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Climate Change And Global Forests

What do millions of tree measurements
say about Climate Change?

Abril 4, 2014

Barro Colorado Island, Panama

The ecologist who leads ForestGEO’s ecosystems and climate initiative visits STRI and discusses her plans to tackle millions of tree measurements taken across the globe.

More than five million tree diameter measurements have been made across the Smithsonian's Center for Tropical Forest Science (CTFS)-ForestGEO network. For Kristina Anderson-Teixeira, who leads the network's ecosystems and climate initiative, the wealth of data presents a unique opportunity. "I'm working to leverage our data to understand the forests' interactions with the climate system and how these forests are likely to respond to climate change," said Anderson-Teixeira during a recent visit to Panama's Barro Colorado Island.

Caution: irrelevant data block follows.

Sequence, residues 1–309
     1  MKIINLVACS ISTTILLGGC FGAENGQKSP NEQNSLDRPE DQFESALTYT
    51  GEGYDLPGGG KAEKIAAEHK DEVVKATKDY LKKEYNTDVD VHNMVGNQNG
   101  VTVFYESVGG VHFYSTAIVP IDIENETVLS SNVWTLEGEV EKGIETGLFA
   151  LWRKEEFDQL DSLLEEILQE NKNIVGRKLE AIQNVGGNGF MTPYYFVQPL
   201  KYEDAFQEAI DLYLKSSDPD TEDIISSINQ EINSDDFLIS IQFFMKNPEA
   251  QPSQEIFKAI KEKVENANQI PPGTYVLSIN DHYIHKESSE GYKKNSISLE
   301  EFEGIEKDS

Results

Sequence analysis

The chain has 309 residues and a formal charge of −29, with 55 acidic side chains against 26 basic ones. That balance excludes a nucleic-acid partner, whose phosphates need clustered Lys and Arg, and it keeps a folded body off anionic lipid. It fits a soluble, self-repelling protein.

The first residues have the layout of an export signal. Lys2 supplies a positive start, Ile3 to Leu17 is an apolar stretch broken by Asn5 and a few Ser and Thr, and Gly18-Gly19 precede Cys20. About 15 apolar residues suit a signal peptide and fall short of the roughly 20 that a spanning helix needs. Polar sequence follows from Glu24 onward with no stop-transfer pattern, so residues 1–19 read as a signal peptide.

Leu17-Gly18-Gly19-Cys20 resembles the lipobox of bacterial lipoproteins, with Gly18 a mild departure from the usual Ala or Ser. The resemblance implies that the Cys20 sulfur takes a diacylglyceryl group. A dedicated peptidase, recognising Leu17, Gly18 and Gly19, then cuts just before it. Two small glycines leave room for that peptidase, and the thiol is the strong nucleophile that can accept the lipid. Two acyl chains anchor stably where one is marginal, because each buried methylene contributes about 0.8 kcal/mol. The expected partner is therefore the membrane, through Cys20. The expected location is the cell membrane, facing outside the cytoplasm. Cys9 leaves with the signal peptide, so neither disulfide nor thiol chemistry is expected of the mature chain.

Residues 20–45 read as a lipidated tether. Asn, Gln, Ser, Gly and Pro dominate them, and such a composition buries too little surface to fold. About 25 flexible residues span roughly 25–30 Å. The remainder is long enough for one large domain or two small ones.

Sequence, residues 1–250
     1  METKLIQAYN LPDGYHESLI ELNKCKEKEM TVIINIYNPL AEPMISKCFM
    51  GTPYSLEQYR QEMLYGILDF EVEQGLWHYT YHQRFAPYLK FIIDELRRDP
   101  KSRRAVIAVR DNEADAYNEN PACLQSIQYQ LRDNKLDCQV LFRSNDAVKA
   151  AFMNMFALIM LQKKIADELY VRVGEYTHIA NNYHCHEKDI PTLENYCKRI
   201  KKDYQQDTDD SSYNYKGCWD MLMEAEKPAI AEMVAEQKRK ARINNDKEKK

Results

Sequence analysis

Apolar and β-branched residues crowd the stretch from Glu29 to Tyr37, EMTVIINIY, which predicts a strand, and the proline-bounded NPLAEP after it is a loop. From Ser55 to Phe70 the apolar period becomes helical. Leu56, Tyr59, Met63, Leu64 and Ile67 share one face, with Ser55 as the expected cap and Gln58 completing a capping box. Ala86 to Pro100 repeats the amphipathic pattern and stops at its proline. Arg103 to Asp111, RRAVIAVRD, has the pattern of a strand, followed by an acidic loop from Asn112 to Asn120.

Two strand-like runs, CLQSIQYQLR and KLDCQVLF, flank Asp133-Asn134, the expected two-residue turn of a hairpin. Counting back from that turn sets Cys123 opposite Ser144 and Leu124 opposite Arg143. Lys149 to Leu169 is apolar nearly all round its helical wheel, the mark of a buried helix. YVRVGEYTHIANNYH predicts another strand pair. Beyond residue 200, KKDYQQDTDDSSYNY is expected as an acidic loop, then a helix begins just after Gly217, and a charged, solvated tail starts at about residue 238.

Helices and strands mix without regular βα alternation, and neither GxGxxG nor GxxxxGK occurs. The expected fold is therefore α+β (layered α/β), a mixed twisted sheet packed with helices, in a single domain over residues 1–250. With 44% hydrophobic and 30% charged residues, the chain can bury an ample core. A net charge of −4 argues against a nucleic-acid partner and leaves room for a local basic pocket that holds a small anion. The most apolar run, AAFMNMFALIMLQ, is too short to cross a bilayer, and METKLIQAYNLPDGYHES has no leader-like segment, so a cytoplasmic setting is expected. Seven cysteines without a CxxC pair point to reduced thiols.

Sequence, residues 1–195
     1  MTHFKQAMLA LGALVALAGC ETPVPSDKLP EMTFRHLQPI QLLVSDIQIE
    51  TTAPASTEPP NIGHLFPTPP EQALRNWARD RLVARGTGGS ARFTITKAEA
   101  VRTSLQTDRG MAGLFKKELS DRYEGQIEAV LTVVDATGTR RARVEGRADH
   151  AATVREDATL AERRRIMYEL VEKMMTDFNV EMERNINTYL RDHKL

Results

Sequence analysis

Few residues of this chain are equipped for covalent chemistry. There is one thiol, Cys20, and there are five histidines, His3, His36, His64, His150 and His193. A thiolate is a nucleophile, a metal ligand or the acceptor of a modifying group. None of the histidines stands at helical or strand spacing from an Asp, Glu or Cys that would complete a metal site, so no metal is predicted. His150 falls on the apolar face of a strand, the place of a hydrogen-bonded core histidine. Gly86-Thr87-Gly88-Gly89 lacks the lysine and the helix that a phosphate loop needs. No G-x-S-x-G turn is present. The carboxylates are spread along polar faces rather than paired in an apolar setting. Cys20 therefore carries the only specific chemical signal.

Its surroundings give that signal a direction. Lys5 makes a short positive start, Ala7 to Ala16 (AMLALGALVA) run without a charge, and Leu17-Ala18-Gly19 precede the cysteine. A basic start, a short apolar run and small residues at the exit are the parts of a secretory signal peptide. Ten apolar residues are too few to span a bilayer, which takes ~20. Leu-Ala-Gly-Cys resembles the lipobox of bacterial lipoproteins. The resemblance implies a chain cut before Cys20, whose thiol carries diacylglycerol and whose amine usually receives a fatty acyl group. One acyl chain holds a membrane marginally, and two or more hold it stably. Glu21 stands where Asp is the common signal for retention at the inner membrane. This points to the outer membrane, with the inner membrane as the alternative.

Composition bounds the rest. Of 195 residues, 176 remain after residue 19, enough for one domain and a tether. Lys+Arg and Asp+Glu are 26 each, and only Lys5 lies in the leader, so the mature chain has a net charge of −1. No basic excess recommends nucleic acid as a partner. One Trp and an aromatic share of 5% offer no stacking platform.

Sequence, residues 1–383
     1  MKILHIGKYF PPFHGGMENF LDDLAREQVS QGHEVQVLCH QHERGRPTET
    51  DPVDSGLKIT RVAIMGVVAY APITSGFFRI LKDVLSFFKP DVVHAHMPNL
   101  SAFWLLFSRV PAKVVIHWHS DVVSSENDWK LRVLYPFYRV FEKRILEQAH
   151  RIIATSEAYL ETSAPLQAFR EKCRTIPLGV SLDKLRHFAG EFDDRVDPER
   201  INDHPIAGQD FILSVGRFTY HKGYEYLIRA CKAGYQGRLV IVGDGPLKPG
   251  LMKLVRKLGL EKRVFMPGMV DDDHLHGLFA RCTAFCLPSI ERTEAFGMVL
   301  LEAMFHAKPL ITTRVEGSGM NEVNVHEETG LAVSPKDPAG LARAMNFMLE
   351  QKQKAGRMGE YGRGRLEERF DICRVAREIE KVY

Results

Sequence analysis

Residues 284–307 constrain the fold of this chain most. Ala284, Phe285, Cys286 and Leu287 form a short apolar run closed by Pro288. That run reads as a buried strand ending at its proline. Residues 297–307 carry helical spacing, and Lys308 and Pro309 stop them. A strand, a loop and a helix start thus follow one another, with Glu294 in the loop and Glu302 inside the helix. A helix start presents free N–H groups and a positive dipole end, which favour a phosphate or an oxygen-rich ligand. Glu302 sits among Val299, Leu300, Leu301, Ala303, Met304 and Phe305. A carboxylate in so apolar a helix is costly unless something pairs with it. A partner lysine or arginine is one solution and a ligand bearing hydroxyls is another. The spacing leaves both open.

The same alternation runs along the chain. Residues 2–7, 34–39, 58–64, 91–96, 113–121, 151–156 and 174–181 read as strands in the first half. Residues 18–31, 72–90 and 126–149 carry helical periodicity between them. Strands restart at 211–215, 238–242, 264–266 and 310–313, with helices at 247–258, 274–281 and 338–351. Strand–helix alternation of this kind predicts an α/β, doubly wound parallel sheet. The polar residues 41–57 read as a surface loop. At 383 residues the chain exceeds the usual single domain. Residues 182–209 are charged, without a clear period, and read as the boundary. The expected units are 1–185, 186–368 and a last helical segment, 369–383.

Teixeira, a joint staff scientist at the Smithsonian Tropical Research Institute and Smithsonian Conservation Biology Institute, is particularly interested in how trees of different sizes respond to environmental variation and in turn affect ecosystem level processes. "For example, how do trees of different sizes respond to drought, and what can we learn about how forests might respond to changing aridity patterns associated with climate change?" She hopes to learn more about what changes are occurring in forests and the mechanisms driving change.

As a network-wide researcher, Anderson-Teixeira’s job is piece together big-picture forest data from the 59 ForestGEO plots around the globe. "Research across the network has shown these forests are changing," she said, pointing to shifting climate, increased nitrogen deposition and habitat fragmentation. "Of course, sorting out what's happening where and why is a very complex story but we have the kind of network where we can do that." 

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